LGBTQI groups have urged retailer Woolworths to implement LGBTQI sensitivity training for its staff after a gay man was mocked by employees at one of its Johannesburg branches.
A marketing executive, Rico Zaaiman, was shopping at Woolworths in Strubens Valley when a staff member ridiculed him by pretending to walk like a woman and carrying a handbag.
Zaaiman confronted the employee and manager of the store but left “insulted and humiliated” after receiving a lacklustre apology from the employee and half-hearted promise to investigate further from the manager while other customers laughed on. He wrote a letter of complaint to the company.
“As a very effeminate gay person I must deal with this sort of nonsense daily from people on the street [but] what I will not tolerate is being mocked by an employee of your establishment,” Zaaiman said in the letter.
Zaaiman also suggested that Woolworths send its staff – especially the employee in question – for LGBTI sensitisation training. “He should be put in a programme that teaches people about LGBTQI communities. And as part of that he should work in his own time in a programme that reaches out to this community,” Zaaiman said.
Genevieve Louw, project manager for the diversity and training in schools project at Gay and Lesbian Memory in Action (GALA), told The Daily Vox that it is “essential for Woolworths staff to undergo LGBTQI sensitivity training for them to facilitate and work with a very diverse staff.”
Louw said that the scale of the retailer suggested that it would have a very diverse clientele and that Woolworths staff need to be equipped to adequately treat them. “It’s necessary for people in management positions, in particular, to be fully equipped and enabled with LGBTQI issues that might come up in the workspace,” she said.
Louw added that training is the best option, because public shaming and calling people out on social media is useful in one way but not a sustainable solution.
LGBTQI awareness group, The Triangle Project, also contacted Woolworths regarding its staff training programme for LGBTQI issues. They were still awaiting response on Thursday.
— Jaco du Preez (@Buglish) March 16, 2017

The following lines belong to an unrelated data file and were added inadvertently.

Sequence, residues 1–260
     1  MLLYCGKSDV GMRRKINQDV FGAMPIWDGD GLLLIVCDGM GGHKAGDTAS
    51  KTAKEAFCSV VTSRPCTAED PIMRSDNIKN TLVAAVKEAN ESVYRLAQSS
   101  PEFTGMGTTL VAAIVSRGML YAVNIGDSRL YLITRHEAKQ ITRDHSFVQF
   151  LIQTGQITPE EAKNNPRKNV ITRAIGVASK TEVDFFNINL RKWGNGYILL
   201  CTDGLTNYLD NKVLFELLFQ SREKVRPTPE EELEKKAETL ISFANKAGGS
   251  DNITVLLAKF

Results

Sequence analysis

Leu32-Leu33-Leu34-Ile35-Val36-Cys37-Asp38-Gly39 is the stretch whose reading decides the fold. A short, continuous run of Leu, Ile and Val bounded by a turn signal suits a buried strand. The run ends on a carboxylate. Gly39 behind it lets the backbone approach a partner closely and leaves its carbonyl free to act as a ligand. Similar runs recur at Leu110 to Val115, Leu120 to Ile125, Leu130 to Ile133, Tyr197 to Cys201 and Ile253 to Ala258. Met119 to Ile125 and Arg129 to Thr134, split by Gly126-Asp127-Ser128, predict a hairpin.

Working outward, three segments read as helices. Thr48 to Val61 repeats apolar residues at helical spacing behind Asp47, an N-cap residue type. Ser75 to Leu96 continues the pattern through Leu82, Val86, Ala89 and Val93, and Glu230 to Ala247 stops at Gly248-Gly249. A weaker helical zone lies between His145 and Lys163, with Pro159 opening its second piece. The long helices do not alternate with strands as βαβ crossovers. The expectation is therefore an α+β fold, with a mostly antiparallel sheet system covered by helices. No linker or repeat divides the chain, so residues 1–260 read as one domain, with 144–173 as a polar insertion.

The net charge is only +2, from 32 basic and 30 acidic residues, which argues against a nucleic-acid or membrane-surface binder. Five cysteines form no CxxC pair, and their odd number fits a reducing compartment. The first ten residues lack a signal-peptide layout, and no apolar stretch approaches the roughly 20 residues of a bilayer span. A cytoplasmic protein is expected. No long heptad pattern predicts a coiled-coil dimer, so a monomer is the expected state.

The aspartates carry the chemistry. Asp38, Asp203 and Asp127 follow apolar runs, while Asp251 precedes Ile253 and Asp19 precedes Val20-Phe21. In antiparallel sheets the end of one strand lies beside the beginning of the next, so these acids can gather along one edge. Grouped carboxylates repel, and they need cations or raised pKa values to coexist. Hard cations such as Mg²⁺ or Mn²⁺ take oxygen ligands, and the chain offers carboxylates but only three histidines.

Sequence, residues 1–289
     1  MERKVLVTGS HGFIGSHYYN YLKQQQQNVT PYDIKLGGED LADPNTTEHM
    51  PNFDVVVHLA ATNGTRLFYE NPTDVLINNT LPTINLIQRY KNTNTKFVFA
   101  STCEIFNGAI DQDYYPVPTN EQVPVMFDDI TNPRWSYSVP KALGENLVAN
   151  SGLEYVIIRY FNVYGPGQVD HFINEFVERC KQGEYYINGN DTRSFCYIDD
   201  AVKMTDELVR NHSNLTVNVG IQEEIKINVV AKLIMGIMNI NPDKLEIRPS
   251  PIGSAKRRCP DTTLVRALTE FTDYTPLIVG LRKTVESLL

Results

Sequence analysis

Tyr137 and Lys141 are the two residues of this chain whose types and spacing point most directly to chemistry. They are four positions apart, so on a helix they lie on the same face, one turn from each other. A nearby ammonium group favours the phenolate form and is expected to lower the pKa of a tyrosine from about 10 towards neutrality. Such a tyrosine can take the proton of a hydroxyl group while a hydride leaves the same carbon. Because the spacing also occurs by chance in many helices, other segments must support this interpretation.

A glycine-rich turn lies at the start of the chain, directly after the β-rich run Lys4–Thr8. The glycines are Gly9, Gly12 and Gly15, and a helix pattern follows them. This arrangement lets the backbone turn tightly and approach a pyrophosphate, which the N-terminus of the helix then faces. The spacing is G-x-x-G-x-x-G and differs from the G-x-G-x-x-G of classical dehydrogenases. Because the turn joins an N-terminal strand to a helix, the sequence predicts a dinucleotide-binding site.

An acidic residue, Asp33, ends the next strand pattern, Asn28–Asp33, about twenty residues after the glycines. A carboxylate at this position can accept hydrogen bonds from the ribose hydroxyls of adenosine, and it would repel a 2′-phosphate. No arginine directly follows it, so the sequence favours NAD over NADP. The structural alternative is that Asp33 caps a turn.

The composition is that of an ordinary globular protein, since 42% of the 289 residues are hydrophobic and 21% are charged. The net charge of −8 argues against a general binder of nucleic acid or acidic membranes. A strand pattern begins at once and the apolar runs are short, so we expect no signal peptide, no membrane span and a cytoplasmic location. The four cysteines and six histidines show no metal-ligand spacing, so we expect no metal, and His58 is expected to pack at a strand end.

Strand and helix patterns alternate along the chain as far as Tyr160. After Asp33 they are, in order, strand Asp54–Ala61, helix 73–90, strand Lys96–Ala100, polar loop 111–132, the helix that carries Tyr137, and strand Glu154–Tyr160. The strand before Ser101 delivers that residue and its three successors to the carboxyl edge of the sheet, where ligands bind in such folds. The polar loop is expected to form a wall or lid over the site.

Woolworths has since “profusely” apologised for the incident. A spokesperson told Mamba Online that the company has been in “ongoing contact” with Zaaiman since the incident and deeply regrets the upset it has caused him.
“We will not tolerate any discrimination towards our customers on the basis of race, gender, sexuality or creed. We respect and celebrate the diversity of our customers and our country,” said the spokesperson. She said the company will conduct a thorough and appropriate investigation into the matter.
However, Woolworths declined to answer questions regarding whether its employees undergo diversity sensitisation training, including how to treat LGBTQI clients appropriately.
Zaaiman said he was grateful that Woolworths appears to be taking the incident seriously, but that he remained upset. “The experience has left a bitter taste, and being brand loyal as I am, I felt deeply betrayed by Woolworths,” he said.
“People who do not know me or people that are like me, do not understand us. What makes it harder is that fact that we have to deal with this particular brand of vileness every single day. You get branded as some ‘thing’ that deserves scorn and are to be treated with disdain,” Zaaiman said.
This is not the first homophobic incident that made it into South African media this year. In January, EWN reported that a restaurant in Brakpan refused to allow same-sex couples to attend their weekly ‘date night’. That same month, a pastor at the Grace Bible Church told the congregation that homosexuality is “disgusting,” “sinful” and “unnatural” and that even animals did not practise it. His remarks left the church cheering, much to choreographer and public figure Somizi Mhlongo’s shock.